Open Journal of Business and Management
Vol.2 No.2(2014), Article ID:45484,6 pages DOI:10.4236/ojbm.2014.22014

Measuring the Correlation between Commercial and Economic States of Countries (B2G Relations) and the E-Government Readiness Index by Using Neural Networks

Mehmet Sinan Başar1, Hande Küçükönder2

1Open Education Faculty, Ataturk University, Erzurum, Turkey

2Faculty of Economics and Admninistrative Sciences, Bartın University, Bartın, Turkey


Copyright © 2014 by authors and Scientific Research Publishing Inc.

This work is licensed under the Creative Commons Attribution International License (CC BY).

Received 23 January 2014; revised 23 February 2014; accepted 27 March 2014


The E-government Readiness Index is a composite index created from the Neural Index, the Telecommunication Infrastructure Index and the Human Resources Index. Calculated annually by the World Bank, this index offers information on such issues as the provision of public services and the use of these services by individuals and institutions. In this study, we examine whether the E-government Readiness Index provides information on the compliance of the business lives of countries with an e-government structure by using neural networks.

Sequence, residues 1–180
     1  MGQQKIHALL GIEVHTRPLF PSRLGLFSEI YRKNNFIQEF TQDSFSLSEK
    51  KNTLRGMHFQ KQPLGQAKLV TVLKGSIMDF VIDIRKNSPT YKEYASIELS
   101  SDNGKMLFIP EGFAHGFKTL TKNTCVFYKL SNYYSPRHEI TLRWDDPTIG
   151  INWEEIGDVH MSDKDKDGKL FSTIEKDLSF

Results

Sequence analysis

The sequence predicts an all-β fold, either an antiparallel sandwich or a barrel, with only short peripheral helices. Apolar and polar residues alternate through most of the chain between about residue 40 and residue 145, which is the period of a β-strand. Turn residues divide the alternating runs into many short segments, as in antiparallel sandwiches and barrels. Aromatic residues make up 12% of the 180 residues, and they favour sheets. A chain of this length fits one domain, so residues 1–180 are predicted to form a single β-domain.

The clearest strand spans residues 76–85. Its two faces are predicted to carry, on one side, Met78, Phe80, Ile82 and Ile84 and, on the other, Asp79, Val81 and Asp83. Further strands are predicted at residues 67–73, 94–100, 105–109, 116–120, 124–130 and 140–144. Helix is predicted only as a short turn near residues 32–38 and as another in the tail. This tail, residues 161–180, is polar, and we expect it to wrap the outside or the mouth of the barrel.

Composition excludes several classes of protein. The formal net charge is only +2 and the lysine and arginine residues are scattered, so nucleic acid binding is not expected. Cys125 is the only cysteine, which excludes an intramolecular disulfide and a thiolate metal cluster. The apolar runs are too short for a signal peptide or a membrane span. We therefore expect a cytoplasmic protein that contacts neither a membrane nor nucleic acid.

Keywords:Neural Networks; E-Government; E-Government Readiness Index; E-Commerce; Information Technologies

1. Introduction